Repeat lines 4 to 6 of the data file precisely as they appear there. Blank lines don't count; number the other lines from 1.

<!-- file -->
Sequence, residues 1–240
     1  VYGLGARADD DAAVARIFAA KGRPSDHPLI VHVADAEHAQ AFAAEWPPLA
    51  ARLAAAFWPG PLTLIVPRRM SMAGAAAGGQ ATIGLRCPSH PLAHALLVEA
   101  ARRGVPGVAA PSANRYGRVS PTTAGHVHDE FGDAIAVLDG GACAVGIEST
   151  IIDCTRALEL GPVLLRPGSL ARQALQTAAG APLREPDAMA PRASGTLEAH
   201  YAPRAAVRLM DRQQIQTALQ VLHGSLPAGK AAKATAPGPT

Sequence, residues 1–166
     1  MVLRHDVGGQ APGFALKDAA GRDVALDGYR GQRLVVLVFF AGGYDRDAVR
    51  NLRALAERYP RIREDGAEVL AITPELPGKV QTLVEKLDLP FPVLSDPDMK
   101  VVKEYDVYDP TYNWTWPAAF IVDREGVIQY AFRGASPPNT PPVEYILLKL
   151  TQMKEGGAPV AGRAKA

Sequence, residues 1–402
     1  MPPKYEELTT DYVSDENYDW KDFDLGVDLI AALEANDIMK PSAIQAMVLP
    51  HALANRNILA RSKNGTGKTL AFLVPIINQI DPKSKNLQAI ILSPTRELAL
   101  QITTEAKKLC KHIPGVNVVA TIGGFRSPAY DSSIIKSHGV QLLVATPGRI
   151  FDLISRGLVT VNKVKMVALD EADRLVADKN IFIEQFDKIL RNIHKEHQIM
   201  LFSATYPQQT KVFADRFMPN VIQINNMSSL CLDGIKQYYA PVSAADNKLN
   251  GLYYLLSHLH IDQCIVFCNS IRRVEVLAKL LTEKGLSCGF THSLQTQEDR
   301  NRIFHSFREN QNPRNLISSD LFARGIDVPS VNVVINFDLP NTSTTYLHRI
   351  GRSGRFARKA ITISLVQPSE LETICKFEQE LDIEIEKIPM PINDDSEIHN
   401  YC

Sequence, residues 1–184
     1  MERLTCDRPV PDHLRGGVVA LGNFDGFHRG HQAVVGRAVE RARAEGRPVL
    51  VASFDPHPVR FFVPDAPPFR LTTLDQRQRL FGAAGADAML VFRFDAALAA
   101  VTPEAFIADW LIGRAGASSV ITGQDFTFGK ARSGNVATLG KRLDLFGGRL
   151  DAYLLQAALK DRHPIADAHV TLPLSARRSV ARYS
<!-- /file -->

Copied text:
   101  ARRGVPGVAA PSANRYGRVS PTTAGHVHDE FGDAIAVLDG GACAVGIEST
   151  IIDCTRALEL GPVLLRPGSL ARQALQTAAG APLREPDAMA PRASGTLEAH
   201  YAPRAAVRLM DRQQIQTALQ VLHGSLPAGK AAKATAPGPT